Trust us: there are some things you don’t need to know about your parents. When/how you were conceived. What sort of trouble they got into in their youth. Who they hooked up with back in the day – or even who they might be hooking up with these days.
None of us really want to see our parents as sexual creatures, even if logic dictates that we are all essentially sexual creatures at our core, and that for us to exist, our parents must have been at some point.
“Band Candy” does a great job outlining this. It shows how embarrassing it can be to know too much about your parent’s personal lives, all thanks to a bit of magical candy that reverts adults back to their teenage selves – mentally, though not physically. Giles goes back to his “Ripper” days a bit and becomes a bad-boy figure. Buffy’s mom Joyce swoons over him. It’s just… embarrassing.
This is an episode that doesn’t pay off right away – in fact, it doesn’t really pay off fully until nearly the end of the season, in the episode “Earshot” – when Buffy winds up with a bit of telepathy, and discovers that her mother and Giles had sex not just once, but twice, while in their juvenile state.
8. Just How Insecure, Invisible, and Lonely High School Students Can Be
Episode: Season 1, Episode 11 – “Out of Sight, Out of Mind”
High school student Marcie literally becomes invisible in this early Buffy episode not because of magic but because of indifference: Sunnydale High’s students and faculty simply overlook her to the point that she is no longer there. She winds up isolated and alone, and angry. Why? Well, the population of Sunnydale High ignored her when she could be seen, and certainly didn’t think of her when she was gone. Why wouldn’t she be angry?
It’s a good dose of hyperbole to illustrate a simple point: high school kids often don’t feel like they matter. They’re already insecure, and they often feel invisible. With that comes loneliness. And when they feel like they don’t matter and aren’t seen, they begin acting out for attention – as Marcie did, first with petty crimes, then with more serious infractions like kidnapping, trying to choke a teacher, etc..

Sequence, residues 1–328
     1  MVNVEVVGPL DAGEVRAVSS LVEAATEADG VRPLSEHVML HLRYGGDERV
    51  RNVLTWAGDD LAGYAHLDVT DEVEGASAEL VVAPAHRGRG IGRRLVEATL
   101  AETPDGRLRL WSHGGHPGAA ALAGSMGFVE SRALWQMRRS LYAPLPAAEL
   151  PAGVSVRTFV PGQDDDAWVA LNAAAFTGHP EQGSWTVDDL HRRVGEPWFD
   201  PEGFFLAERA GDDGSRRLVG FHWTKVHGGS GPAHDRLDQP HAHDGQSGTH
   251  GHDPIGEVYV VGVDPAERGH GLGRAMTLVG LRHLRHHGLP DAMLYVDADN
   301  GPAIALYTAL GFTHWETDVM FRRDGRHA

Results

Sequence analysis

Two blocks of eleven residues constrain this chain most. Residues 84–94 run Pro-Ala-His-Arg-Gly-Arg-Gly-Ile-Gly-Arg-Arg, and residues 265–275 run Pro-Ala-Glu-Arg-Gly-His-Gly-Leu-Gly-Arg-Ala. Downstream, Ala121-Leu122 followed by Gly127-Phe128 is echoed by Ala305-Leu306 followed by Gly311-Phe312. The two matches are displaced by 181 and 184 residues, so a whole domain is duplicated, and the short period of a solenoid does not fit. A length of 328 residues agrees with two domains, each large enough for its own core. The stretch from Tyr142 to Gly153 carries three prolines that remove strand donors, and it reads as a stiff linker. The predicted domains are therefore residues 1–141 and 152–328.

Oddly enough, however, it’s Cordelia Chase (still in her full little miss perfect mode up to this point) who provides the most depressingly real moment of the episode, confiding in Buffy that she, too, is lonely – that despite being the most popular girl in school, she feels alone. Why, then, try so hard for popularity? Because it “beats being lonely by yourself.”
9. You Can’t Run From Your Troubles
Episode: Season 3, Episode 1 – “Anne”
At the end of Buffy’s second season, Buffy banishes her first love, Angel, to hell. Consumed with guilt, despite doing it for “the greater good” (to save the world), and despite not knowing til the last minute that it was Angel, not his evil alter-ego Angelus, she heaped blame on herself, and headed for the hills – or headed for Los Angles, to be exact.
Buffy has, in essence, run from her past and her troubles. She’s taken on the name Anne, her middle name, and is working in a diner. And despite being away from home, she can’t escape her troubles: she’s soon bumping in to someone she recognizes. Trouble manages to find her. The change of scenery provided comfort, but no real solution to her guilt.
Sound familiar? People often talk of getting a “fresh start” but more often than not, they either bring their problems with them, or their problems find them.
10. College Roommates Sure Can Suck
Episode: Season 4, Episode 2 – “Living Conditions”
College. It’s the start of a whole new world for many a recently graduated high school kid. It’s also the first experience living with anyone other than family for a lot of young adults. It’s the real beginning of “growing up” – forget the early teen years, forget high school, growing up really starts in college, and the process often begins with learning to co-exist in close quarters with another, unrelated human being who you often get no choice in. Dorm life isn’t quite real life, but it still teaches you some important social skills.
Enter Buffy Summer’s new roommate Kathy. Kathy has some annoying habits. Some boundary issues (borrowing clothes without asking, for example). She also happens to enjoy blasting Cher’s “Believe” (honestly, that’s a strike against anyone). She’s overly perky. In short, she’s a bad match for Buffy. And Buffy does not cope well with it, getting annoyed, focusing on every little misstep, and just generally losing her focus on other, more important things (starting school, slaying vampires).
Being a supernatural show, Kathy turns out to be a demon – but the real lesson of the episode is that living with someone requires a lot of give and take, and letting little things go. By the end of the episode, Kathy is banished, and best friend Willow is Buffy’s new roommate – but Buffy has the exact same reaction to Willow’s transgressions as she did to Kathy’s, and that exact moment is depressingly close to how things can go in real life.